LID Landscapes is a company that knows about implementing sustainable initiatives and practices. Our General Manager Scott Natter has been in the landscape industry since he was a teenager. After earning his landscape management degree from Brigham Young University, his career led him to Boulder in 2013, where he’s played a vital role in the evolution of LID Landscapes as a successful, sustainable landscape design and maintenance firm.
Gardening techniques that avoid chemicals
While most people understand the broad definition of organic as being chemical-free, the term sustainable varies a bit more depending on who you ask. “Sustainable landscapes mean something different to many different people. For one person, sustainable might mean ‘hey, I don’t want to be out weeding on a weekly basis,’” says LID Landscapes GM Scott Natter. For those with this mentality, sustainable means having a landscape that requires little upkeep.
“For others, it has more to do with the overall impact on the environment.” To these folks, weekly weeding might actually be seen as a sustainable practice since it avoids the use of chemical weed killers.
How does our GM Scott Natter define sustainable landscaping?
LID Landscapes GM Scott Natter says his definition of a sustainable landscape is “a landscape that’s happy where it is, with plants that are planted in the right environment, and using practices that allow minimal maintenance while the landscape continues to flourish.”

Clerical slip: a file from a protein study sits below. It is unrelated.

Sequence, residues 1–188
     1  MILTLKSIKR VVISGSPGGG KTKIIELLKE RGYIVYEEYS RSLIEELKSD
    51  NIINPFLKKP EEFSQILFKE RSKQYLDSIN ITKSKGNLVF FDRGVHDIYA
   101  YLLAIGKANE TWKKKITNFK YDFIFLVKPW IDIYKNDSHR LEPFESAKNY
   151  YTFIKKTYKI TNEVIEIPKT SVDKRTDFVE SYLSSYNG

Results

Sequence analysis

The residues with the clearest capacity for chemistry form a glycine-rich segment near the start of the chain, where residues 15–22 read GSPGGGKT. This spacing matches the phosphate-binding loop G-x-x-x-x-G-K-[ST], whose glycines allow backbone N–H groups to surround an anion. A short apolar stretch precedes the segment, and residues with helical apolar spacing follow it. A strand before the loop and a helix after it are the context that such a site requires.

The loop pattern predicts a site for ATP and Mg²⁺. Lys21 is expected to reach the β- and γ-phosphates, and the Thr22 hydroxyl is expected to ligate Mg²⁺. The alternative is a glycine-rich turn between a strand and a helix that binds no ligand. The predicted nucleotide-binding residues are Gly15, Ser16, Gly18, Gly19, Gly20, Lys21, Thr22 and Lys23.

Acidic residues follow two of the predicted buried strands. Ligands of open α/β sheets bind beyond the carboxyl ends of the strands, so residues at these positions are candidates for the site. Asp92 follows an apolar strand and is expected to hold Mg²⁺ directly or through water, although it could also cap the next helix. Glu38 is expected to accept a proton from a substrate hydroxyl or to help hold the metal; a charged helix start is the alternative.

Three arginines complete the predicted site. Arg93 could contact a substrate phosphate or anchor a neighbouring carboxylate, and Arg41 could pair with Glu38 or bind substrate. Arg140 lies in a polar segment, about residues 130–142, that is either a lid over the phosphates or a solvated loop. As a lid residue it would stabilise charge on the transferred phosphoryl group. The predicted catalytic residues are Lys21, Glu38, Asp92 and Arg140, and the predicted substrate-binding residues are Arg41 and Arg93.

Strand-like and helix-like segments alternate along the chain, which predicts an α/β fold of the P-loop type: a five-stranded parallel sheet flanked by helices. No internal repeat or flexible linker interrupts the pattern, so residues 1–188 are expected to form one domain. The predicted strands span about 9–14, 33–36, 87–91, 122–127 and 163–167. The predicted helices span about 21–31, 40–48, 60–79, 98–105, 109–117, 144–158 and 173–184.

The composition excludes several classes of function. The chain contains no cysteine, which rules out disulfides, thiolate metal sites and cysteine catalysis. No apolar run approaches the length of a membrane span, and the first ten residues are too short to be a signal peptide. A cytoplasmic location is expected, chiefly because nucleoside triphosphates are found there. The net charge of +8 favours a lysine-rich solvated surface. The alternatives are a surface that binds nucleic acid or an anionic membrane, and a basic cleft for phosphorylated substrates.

LID Landscapes takes the definition of sustainable even further. “It’s how little can we put into a landfill? How much can we recycle so we’re not contributing to waste?” says Natter. He adds, the company’s motivation for using sustainable practices is twofold. “One is being good stewards of the land. We want to protect it, and it’s why we’re in the industry we’re in. We like making beautiful landscapes. Part of that is protecting the overall landscape we live in.”
Creating better VALUE for our customers and OUR land!
The second part is creating better value for the company and its customers. “When we’re being sustainable and finding ways they can be sustainable, it cuts down our costs for them — maintenance, water costs, whatever it happens to be,” he says.
Recycling at its core
The core of LID Landscapes’ sustainable practices is recycling. It composts all of the organic matter it hauls away from job sites. Instead of taking branches, grass clippings, sod, soil, and other yard waste from its projects to a landfill, the company recycles as much of it as possible. These composted materials are then used as amendments in new landscape plantings on both residential and commercial properties. Natter says that using recycled mulch adds healthy nutrients to landscapes, saves room in landfills, and reduces the emissions necessary to transport and dump materials.
In addition to organic matter recycling, LID Landscapes recycles old concrete and flagstone scraps from project removals and demolitions. Rather than hauling these materials to a landfill, it crushes the materials into a small size, similar to gravel, which is then used for sub-bases under patios, driveways, and other landscape hardscapes.
“If we can eliminate [the need for] 80 percent of [new materials] and recycle everything that comes off of our sites, that’s definitely a big gain for us.”
See the original source of this interview featuring our General Manager Scott Natter in Irrigation & Green Industry magazine.